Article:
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A Comprehensive Association Study of Apolipoprotein E-C1-C4-C2 Gene Cluster Variation with Plasma Lipoprotein Traits

Radwan, Zaheda (2014) A Comprehensive Association Study of Apolipoprotein E-C1-C4-C2 Gene Cluster Variation with Plasma Lipoprotein Traits. Doctoral Dissertation, University of Pittsburgh. (Unpublished)

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Apolipoproteins are major determinants of plasma lipoprotein-lipid distribution. Dyslipidemia with elevated level of low-density lipoprotein cholesterol (LDL-C) and decreased level of high-density lipoprotein cholesterol (HDL-C) is associated with increased risk of cardiovascular disease (CVD), which is a major public health problem worldwide. Therefore, unraveling the genetic basis of plasma lipoprotein-lipid traits would provide insight into risk prediction and contribute to the developing of new therapeutic and intervention measures to reduce the CVD burden, which has a public health importance. The objective of this study was to characterize genetic variation in the APOE-C1-C4-C2 gene cluster on chromosome 19q13.32 by resequencing selected individuals from non-Hispanic White (NHW) and African Black populations with extreme lipid profile and then genotyping the identified sequence variants (common tagSNPs and rare variants) along with the HapMap tagSNPs covering the intergenic regions in the entire datasets (623 NHWs, and 788 Blacks) to evaluate their association with major lipid traits. Sequencing of the four apolipoprotein genes along with their hepatic control regions in subjects falling in the upper (47 NHWs, 48 Blacks), and lower (48 NHWs, 47 Blacks) 10th percentile distribution of HDL-C/triglycerides (TG) revealed 230 variants (215 substitution, 15 indels), of which 63 were shared in both populations, 52 were NHW-specific and 115 were Black-specific. A total of 70 variants (65 sequencing-identified, 5 HapMap tagSNPs) in NHWs and 108 variants (103 sequencing-identified, 5 HapMap tagSNPs) in Blacks were successfully genotyped in the entire datasets and were considered for the association analyses. Twenty variants in NHWs and twenty-four variants in Blacks (MAF>1%) showed nominally significant association (P<0.05) with at least one lipid trait. Although the major contribution of the APOE-C1-C4-C2 gene cluster was on LDL-C and apolipoprotein (apo) B, we observed multiple associations with other lipid traits, including TG, HDL-C, and apoA1. In addition to the significant contribution of common variants, rare/less common variants showed significant association with lipid traits. Our findings confirm the significant contribution of APOE-C1-C4-C2 genetic variation in affecting plasma lipid profile in the general population and consequently the CVD risk.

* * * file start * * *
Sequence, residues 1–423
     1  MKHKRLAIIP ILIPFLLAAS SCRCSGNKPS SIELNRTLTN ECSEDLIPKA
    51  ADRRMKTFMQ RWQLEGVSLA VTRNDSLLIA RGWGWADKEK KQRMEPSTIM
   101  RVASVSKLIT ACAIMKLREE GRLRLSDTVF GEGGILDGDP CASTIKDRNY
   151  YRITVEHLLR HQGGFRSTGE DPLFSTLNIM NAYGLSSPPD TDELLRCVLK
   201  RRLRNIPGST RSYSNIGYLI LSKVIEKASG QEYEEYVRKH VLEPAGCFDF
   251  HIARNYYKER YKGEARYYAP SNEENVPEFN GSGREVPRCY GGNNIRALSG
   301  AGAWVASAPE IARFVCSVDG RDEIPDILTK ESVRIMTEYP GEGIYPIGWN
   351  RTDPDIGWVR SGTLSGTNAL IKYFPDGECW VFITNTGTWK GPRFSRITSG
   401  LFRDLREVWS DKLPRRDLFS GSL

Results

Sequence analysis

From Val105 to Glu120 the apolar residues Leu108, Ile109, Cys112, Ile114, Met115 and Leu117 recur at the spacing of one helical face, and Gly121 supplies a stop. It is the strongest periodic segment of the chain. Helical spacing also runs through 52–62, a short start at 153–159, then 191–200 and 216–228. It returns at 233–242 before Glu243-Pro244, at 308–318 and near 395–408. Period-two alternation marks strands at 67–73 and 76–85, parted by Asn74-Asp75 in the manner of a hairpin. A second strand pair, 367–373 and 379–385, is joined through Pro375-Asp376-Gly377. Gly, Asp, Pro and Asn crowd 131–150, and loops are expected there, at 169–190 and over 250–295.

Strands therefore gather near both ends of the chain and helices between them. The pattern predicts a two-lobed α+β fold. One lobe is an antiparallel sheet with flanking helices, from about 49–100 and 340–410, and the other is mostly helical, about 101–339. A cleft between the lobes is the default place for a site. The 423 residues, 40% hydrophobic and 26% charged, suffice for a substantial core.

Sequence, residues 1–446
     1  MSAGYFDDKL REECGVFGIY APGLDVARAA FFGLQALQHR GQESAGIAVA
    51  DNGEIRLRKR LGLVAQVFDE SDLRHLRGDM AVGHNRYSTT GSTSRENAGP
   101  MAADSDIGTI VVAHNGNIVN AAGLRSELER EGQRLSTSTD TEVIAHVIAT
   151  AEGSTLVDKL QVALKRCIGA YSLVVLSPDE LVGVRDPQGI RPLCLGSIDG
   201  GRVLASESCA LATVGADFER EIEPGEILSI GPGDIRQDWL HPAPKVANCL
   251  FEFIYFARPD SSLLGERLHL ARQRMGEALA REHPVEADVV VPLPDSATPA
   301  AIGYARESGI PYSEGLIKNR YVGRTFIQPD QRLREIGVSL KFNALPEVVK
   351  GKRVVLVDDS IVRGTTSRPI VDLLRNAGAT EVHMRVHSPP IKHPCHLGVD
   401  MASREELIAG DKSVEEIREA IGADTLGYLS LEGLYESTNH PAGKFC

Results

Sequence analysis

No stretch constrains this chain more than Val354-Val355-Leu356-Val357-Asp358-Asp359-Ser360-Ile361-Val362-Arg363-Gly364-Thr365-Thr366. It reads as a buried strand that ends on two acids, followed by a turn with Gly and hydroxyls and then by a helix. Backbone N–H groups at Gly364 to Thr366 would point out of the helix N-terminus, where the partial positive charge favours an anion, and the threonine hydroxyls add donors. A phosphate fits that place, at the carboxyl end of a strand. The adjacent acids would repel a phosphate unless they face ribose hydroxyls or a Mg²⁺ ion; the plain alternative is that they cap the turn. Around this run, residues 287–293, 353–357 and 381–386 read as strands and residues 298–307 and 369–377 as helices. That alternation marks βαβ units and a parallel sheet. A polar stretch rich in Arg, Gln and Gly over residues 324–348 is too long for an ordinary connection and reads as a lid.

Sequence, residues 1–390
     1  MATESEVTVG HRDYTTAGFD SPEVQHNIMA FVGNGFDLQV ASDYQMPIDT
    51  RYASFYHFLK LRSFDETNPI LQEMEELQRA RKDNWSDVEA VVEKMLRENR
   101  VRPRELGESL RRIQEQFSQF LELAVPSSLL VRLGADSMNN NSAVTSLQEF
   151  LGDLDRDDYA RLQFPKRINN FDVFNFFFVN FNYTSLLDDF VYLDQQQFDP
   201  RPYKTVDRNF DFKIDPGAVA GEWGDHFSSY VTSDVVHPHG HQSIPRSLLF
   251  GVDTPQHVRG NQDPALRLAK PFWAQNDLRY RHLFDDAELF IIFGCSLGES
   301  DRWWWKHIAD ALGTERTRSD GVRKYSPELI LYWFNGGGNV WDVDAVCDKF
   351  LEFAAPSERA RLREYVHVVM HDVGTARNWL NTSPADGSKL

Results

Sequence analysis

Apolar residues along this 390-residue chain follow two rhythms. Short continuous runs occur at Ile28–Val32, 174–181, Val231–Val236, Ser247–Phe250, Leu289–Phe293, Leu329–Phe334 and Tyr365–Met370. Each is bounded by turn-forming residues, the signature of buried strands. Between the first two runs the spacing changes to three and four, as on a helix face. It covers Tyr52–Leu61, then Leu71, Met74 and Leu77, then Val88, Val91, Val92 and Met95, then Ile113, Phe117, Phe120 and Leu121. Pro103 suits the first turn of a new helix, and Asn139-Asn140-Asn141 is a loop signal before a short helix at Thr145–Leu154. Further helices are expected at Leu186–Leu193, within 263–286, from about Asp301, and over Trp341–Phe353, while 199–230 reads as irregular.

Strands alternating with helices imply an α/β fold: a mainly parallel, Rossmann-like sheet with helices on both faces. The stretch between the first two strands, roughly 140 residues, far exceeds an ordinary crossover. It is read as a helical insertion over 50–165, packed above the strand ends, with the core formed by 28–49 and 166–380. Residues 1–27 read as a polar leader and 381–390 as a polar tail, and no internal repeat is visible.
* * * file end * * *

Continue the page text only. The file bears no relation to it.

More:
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Item Type: University of Pittsburgh ETD
Status: Unpublished
CreatorsEmailPitt UsernameORCID
ETD Committee:
TitleMemberEmail AddressPitt UsernameORCID
Committee ChairKamboh, Ilyas M.kamboh@pitt.eduKAMBOH
Committee CoChairDemirci, Yesim F.fyd1@pitt.eduFYD1
Committee MemberBarmada, Michael M.barmada@pitt.eduBARMADA
Committee MemberBunker, Clareann H.bunkerc@pitt.eduBUNKERC
Date: 29 January 2014
Date Type: Publication
Defense Date: 29 July 2013
Approval Date: 29 January 2014
Submission Date: 20 November 2013
Access Restriction: 5 year -- Restrict access to University of Pittsburgh for a period of 5 years.
Number of Pages: 259
Institution: University of Pittsburgh
Schools and Programs: School of Public Health > Human Genetics
Degree: PhD - Doctor of Philosophy
Thesis Type: Doctoral Dissertation
Refereed: Yes
Uncontrolled Keywords: Complex Disease, Candidate genes sequencing study, Association study, Genetic of lipid traits. Apolipoproteins, APOE-C1-C4-C2 gene cluster.
Date Deposited: 29 Jan 2014 17:19
Last Modified: 01 Jan 2019 06:15


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